Squalene in olive oil
Research conducted by the University of Zaragoza in a porcine model shows the power of olive oil derivatives in the control of fatty liver, an increasingly common pathology in humans. The result of the work, in which the University of Zaragoza, the University of Cambridge and the Lozano Blesa Clinical Hospital of Zaragoza participated, was published in the Journal of Nutritional Biochemistry.
Previous studies by the same group had shown that squalene improved hepatic metabolism in mice and rabbits (this component actually accumulates in large quantities in the liver of sharks , animals that live more than 200 years).
One month’s administration of a 0.5% squalene supplement in a diet high in saturated fat, cholesterol, and fructose, among other components, does not did not alter the cholesterol content or the amount of fiber in the liver, but led to hepatic accumulation of squalene, and a decrease in triglyceride content and the surface of the lipid droplets in this organ, parameters which indicate an improvement of hepatic steatosis.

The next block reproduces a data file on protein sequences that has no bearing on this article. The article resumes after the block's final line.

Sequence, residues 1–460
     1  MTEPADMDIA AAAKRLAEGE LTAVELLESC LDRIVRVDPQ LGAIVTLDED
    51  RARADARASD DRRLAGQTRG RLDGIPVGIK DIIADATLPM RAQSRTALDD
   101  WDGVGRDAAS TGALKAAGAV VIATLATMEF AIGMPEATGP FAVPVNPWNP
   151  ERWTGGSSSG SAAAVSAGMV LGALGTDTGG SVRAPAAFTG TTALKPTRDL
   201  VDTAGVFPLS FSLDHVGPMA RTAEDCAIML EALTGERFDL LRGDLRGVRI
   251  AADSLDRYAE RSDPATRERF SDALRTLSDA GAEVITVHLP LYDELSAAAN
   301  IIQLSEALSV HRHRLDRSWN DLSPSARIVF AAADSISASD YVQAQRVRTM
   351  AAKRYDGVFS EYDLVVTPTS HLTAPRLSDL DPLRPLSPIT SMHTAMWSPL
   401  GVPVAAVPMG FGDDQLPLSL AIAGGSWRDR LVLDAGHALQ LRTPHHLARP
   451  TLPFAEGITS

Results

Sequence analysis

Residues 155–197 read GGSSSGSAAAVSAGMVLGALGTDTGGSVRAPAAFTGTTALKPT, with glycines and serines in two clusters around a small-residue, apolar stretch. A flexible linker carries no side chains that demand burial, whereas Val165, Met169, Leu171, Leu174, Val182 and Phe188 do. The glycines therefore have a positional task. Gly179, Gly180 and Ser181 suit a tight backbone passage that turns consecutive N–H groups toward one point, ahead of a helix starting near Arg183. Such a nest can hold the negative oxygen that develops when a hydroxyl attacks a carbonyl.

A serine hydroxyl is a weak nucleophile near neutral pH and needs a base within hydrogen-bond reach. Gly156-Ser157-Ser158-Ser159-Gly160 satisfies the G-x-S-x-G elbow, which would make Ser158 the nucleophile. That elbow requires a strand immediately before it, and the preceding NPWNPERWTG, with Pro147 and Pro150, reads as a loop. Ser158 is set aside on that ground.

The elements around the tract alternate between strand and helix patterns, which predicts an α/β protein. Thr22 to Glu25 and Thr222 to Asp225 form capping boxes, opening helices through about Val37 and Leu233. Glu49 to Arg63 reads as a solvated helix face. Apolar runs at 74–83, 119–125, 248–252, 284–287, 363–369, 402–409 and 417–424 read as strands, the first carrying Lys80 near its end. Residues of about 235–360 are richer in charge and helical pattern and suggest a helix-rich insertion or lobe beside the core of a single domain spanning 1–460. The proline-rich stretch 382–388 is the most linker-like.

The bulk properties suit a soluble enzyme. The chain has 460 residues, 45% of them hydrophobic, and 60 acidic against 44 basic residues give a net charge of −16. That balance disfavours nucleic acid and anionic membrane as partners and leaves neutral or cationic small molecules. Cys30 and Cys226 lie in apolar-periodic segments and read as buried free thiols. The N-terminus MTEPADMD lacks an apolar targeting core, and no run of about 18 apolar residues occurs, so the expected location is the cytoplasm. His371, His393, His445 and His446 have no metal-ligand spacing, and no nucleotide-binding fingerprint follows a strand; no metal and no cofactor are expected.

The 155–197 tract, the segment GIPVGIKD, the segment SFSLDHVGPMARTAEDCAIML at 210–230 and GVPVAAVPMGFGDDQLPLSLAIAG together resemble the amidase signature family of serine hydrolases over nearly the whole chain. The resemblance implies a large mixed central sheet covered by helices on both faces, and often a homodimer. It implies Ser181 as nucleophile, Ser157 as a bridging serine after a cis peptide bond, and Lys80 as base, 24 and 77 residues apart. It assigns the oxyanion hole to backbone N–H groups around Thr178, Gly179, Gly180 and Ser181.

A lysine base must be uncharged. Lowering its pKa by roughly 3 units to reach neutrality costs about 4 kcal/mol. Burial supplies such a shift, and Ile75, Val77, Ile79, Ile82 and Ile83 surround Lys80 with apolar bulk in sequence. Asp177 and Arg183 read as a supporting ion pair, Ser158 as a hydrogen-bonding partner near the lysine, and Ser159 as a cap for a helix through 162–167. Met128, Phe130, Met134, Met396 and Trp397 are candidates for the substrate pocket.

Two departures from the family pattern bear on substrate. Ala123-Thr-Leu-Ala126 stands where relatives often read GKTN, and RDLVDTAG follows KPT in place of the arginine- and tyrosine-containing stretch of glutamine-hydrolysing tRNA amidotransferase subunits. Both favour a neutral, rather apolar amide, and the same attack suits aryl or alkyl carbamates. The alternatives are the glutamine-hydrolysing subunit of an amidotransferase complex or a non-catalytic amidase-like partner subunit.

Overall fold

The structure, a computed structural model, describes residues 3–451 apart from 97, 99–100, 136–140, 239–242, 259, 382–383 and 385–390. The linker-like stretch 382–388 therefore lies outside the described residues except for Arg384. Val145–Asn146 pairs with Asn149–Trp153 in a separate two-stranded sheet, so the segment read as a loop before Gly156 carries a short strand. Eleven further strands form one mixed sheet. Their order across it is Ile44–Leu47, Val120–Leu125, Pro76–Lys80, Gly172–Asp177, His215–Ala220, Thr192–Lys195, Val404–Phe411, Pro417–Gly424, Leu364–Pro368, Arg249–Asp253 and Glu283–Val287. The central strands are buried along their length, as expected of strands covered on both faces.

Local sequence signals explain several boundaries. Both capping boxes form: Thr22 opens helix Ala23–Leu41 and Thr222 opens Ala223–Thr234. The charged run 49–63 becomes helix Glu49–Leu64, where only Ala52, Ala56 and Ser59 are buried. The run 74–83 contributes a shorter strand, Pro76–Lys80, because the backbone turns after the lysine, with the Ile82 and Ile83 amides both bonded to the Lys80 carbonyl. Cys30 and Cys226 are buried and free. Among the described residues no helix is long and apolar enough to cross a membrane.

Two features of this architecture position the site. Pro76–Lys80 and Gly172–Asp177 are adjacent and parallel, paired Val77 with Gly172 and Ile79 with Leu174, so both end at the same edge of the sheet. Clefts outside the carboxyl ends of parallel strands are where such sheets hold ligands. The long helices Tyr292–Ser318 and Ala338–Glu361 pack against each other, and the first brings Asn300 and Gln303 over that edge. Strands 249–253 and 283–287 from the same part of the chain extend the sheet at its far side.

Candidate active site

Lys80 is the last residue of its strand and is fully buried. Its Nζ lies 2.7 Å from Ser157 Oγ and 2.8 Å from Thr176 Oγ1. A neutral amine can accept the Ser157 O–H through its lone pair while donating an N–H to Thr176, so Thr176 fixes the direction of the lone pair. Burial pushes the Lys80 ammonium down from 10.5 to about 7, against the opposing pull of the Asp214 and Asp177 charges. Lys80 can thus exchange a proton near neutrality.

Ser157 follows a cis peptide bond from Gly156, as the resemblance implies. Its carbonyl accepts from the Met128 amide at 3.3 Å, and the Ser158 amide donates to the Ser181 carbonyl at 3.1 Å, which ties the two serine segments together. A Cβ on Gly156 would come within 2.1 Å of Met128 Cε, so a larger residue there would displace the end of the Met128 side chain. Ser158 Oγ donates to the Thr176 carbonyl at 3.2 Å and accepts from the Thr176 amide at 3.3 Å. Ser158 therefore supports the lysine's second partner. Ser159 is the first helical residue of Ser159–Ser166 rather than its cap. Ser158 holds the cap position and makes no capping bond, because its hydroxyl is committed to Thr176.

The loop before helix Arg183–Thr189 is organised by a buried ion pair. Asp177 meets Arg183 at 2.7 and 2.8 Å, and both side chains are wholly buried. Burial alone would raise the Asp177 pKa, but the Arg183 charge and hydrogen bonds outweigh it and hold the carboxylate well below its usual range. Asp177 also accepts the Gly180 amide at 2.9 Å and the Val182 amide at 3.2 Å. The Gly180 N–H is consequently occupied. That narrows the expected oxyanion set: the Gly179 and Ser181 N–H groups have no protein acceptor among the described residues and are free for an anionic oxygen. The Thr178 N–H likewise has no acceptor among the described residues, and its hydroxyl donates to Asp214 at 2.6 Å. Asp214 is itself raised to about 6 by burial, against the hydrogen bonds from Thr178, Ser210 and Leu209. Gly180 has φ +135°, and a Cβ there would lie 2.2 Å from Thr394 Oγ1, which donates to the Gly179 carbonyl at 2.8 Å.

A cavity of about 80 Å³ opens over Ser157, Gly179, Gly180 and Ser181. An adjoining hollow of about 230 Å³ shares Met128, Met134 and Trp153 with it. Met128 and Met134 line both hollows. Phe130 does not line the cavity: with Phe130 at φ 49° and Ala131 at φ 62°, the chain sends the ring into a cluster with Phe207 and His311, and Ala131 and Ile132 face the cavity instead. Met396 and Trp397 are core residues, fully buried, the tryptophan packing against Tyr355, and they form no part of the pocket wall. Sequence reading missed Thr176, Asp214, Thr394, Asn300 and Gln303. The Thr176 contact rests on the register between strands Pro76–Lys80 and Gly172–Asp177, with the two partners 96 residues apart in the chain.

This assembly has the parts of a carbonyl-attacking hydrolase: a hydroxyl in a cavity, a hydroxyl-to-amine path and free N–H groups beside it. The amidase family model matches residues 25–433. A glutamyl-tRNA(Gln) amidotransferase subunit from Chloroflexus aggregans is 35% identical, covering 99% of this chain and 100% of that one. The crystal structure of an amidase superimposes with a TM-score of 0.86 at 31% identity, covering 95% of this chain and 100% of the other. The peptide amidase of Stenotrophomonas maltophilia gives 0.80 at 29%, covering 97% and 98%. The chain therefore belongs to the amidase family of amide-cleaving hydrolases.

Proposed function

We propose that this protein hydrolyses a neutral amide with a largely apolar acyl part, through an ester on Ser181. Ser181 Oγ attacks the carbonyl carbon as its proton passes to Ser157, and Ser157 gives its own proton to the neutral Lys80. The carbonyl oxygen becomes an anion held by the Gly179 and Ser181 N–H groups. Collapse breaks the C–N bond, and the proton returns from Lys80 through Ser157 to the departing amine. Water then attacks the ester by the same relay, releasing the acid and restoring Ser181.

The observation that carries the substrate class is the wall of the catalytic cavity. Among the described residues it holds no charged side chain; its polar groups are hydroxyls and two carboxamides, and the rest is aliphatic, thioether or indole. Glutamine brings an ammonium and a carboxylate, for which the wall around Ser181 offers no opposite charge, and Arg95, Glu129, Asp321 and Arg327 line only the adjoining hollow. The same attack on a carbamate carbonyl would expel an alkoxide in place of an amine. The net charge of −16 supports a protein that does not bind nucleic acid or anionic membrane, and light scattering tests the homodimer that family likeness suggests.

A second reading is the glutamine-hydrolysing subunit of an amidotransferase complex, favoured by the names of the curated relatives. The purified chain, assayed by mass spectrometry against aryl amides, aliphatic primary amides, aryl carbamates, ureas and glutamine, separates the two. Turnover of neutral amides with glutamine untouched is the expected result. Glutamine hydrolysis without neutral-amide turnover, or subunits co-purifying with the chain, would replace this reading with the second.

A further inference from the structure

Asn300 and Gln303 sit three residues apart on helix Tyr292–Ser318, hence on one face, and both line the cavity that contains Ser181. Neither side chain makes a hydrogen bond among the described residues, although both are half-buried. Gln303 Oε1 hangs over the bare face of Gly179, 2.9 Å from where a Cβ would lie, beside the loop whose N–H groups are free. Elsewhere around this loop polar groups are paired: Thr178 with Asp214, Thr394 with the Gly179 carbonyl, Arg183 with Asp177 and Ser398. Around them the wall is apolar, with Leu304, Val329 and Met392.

The study used a new lipid analysis, called lipidomics, which made it possible to study 467 different lipids at once</ strong> in animal liver and plasma. Thus, in the liver of those who had consumed squalene, an increase in specific lipids was observed, although others decreased.
In particular, in plasma, administration of squalene increased a non-inflammatory interleukin and also altered the plasma lipidome, increasing some triglycerides and decreasing non-esterified saturated fatty acids (NAFA).
The results of these cutting-edge analyzes suggest that the addition of squalene relieves steatohepatitis, despite the negative sign that the increase in hepatocytes would imply (although they do not imply an aggravation of the development of the disease). Results that, according to the researchers, pose a new challenge in the diagnosis of liver disease.